One day after school, Moryana Filipova went to an exhibition of carpets and traditional clothing from the Chiprovtsi region at the National Ethnographic Museum. There she met a nice woman weaving a carpet who told her what the different patterns meant and how they could be woven into a garment. The encounter inspired her to use long-forgotten motives in modern fashion design and to create a collection featuring traditional Bulgarian patterns.
A year and a half later, the collection is a fact, as are two more collections, a certificate in marketing and management from Harvard University, and a successful business with clients from all over the world. On June 26, Moryana had a fashion show to present her line of summer clothes inspired by traditional Sofia embroidery patterns. And all this before her 18th birthday!
Moryana is a passionate artist and has taken drawing classes since she was a child. She started out by sketching clothes; her first attempt at making them wasn’t a resounding success. At her third-grade graduation, she paraded in a black satin dress she had made herself—until it came apart at the seams. “It was funny, and it’s a nice memory,” she says.
The episode was too small a snag to thwart her plans to become a famous designer. In the eighth grade, she enrolled in the High School for Fashion and Textile in Sofia, where her interest in fashion design took on a more definite shape. At a two-week course in Italy, she met established designers and collected information about fashion schools.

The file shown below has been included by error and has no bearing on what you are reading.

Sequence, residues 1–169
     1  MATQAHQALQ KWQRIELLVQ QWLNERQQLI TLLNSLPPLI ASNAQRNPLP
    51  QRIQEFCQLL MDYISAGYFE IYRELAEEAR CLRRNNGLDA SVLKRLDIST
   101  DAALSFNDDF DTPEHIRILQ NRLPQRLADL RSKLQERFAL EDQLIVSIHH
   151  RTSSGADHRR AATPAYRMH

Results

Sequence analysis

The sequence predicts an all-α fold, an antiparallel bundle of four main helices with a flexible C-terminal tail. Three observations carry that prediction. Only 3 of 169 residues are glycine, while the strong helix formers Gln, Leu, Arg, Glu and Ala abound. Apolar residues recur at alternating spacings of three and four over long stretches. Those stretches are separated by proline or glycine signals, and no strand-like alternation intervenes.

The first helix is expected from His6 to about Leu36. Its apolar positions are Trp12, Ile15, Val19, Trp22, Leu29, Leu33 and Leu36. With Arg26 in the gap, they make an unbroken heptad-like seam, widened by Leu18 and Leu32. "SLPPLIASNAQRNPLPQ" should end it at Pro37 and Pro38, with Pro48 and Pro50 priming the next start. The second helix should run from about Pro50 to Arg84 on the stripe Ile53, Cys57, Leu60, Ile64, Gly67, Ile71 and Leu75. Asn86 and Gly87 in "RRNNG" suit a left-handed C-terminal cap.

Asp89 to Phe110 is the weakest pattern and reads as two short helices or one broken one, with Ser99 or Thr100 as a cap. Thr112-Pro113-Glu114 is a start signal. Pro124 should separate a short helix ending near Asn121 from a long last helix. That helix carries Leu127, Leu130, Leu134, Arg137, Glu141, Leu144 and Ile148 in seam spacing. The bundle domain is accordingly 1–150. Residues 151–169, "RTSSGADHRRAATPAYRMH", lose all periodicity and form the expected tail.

Her dream started becoming a reality after a friend told her about ABLE Mentor—Bulgaria’s largest one-on-one mentoring program, supported by ABF—which allows high school students to work on real-world projects under the tutelage of experienced professionals. Thanks to the program, she was able to meet other ambitious young people and acquire new skills. More significantly, over three months, her mentor, LeadersPlay founder Gergana Grancharova, helped her turn her sketches into a collection of 13 garments. After completing the program, Moryana had a professional photo shoot and a promotional video done and started a website with an online shop—http://www.moryana.eu. Gergana remains the young entrepreneur’s mentor, partner, and friend.
Regarding her decision to dedicate her first collection to Bulgaria and its ethnographic wealth, Moryana says: “Traditional embroidery patterns are very special. For our ancestors, they weren’t only an adornment but had a profound meaning.” The embroidery patterns she uses most frequently are kolo and makaz. Kolo is a symbol of the sun, and makaz signifies harmony in nature.
Moryana has both her feet firmly on the ground. Her education and business are equally important, so when she is not at school or doing homework, she works on new concepts and ideas. She is up late very often putting the finishing touches to her next fabulous design.
Moryana is modest about her success. “People probably sense that I work hard and love what I do, and appreciate that,” she suggests.
We think it is a matter of talent. You can see for yourself HERE.